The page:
You’ll likely be receiving *constructive* advice from those around you, possibly encouraging you to harness your time ‘unemployed’, productively and creatively – grow, develop, upskill, reassess your passions etc.

However similar to our collective experience during lockdown, your time spent unemployed is not the time to learn a new language, or [insert new skill, hobby here].

Your ‘job’ is finding a job. Unless it’s directly related or something that will contribute to your success, don’t add it to your list of things to do. Yes, it will take time and focus but also don’t fall into the trap of replacing your 8-hour workday with job search alone – you’ll likely discover this is an unproductive use of your time.

Remember to be kind to yourself and those around you. You could be in for a long ride.

4. Understand rejection

Rejection can feel very personal. Particularly if your confidence has already taken a hit based on your current position. Active job search can be a roller coaster – you will be receiving a lot of feedback and sometimes there may appear to be a misalignment with what people say and do.

It might be hard to maintain your composure and positivity but when you are rejected for a role, it simply means that they found a candidate who was (in their view) a better “fit”. And depending on how far progressed you were in the recruitment process, there is a chance that another candidate took the lead for reasons that may seem minor or which you don’t agree with.

  • Ask for feedback, it can make a real difference to your future job prospects.
  • If that feedback includes actionable advice, then do something about it and create a development plan.
  • Demonstrate commitment to the job opportunity but don’t get swept up in the enthusiasm of others. The outcome may be unexpected and lead to disappointment.
  • If you face rejection, pause, and then channel all of that energy you demonstrated during the recruitment process to start looking for that next opportunity.

Realistically, you are likely to face a role rejection multiple times throughout your career. Spend less time on assigning “blame”. Remove all that negativity and focus on what did go right – the fact your application was considered, you interviewed well, you made new connections, you put yourself out there. Try to think about all the positives, this is what will help you succeed next time around.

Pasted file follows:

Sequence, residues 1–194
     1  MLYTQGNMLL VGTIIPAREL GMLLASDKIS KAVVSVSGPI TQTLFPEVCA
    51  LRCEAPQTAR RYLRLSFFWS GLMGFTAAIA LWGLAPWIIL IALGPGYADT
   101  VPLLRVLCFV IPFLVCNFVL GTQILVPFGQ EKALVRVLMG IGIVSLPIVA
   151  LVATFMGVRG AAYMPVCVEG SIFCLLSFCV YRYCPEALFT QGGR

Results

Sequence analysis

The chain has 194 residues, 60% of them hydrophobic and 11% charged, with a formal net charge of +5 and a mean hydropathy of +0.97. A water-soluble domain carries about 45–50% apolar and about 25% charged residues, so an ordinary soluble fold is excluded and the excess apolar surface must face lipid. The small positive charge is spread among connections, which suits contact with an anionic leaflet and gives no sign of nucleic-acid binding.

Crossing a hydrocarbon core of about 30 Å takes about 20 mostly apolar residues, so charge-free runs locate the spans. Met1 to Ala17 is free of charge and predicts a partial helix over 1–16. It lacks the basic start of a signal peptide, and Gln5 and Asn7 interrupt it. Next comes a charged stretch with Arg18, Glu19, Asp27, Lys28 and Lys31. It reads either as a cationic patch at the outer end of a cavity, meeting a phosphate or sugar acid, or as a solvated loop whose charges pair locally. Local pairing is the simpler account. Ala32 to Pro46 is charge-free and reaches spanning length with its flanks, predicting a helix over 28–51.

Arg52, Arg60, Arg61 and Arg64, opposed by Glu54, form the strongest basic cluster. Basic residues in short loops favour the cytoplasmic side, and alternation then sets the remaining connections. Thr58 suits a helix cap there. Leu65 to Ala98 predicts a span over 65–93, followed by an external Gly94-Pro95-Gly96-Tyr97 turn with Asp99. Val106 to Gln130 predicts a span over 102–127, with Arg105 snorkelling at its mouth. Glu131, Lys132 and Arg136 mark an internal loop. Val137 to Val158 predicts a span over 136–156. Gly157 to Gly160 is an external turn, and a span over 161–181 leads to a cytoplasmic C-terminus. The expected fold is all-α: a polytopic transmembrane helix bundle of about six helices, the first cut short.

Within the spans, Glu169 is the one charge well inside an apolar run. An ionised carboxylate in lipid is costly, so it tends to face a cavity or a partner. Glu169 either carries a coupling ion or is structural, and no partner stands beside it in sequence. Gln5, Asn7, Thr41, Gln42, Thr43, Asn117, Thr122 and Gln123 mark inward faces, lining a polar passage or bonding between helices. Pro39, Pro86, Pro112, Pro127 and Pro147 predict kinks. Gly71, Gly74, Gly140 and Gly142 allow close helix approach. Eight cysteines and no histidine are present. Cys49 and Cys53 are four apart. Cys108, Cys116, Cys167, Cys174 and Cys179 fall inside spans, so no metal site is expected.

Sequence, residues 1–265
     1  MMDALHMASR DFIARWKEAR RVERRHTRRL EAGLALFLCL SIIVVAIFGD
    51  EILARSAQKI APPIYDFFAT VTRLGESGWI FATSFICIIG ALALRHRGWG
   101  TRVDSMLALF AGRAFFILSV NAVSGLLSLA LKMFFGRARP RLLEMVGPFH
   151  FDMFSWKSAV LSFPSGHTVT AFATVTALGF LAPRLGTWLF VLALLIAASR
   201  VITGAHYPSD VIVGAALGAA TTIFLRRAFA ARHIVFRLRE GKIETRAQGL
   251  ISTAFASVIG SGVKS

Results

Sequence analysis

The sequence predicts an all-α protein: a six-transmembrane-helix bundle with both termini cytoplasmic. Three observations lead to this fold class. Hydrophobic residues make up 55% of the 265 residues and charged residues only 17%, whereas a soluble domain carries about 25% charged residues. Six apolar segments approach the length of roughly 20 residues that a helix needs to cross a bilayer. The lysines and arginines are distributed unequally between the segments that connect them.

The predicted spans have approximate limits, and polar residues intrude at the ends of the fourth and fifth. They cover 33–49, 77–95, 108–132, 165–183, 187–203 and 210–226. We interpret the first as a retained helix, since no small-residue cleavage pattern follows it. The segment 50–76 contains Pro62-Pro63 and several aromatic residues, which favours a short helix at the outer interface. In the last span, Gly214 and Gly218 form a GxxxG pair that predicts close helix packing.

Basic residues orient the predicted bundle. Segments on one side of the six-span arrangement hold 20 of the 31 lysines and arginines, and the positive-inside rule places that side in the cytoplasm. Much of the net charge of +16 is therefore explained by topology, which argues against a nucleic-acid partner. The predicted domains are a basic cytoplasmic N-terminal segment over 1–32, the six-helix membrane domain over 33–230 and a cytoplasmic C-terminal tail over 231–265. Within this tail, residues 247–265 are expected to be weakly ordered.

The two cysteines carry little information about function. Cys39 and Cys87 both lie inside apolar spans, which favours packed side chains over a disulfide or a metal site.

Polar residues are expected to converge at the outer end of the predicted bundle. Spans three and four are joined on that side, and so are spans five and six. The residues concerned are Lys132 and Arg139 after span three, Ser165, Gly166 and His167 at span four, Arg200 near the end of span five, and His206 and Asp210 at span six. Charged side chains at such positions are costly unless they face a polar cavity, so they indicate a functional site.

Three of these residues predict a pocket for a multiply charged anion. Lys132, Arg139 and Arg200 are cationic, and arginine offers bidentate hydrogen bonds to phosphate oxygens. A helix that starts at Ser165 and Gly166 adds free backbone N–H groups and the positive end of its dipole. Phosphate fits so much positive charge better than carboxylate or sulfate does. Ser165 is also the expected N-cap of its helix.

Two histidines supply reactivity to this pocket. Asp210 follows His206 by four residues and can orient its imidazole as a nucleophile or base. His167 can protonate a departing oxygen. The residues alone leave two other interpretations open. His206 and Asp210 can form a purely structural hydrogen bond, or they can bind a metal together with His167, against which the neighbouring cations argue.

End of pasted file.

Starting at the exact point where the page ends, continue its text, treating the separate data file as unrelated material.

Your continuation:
Final Thoughts

Finding yourself unemployed is not the end of the world. Modern career trends show that individuals are more likely to change jobs multiple times throughout their careers compared to previous generations. Remember that your next job opportunity might not be your ‘forever’ role.

Take a thoughtful approach to job search. Demonstrate self-care. Be fully present in what you are doing and find a role that aligns with your skills, interests, and career goals. It might not feel like it at the time, but you will be successful.

Need Help?

Decipher Group are industry experts in the recruitment of executive, management level professionals, and governance leaders for New Zealand and Australian businesses. We’ve been connecting talented people to exciting opportunities for 16 years.

Find out more about our recruitment expertise.

The Decipher Team

To stay on top of current recruitment trends and hear about new role vacancies, follow Decipher Group on LinkedIn.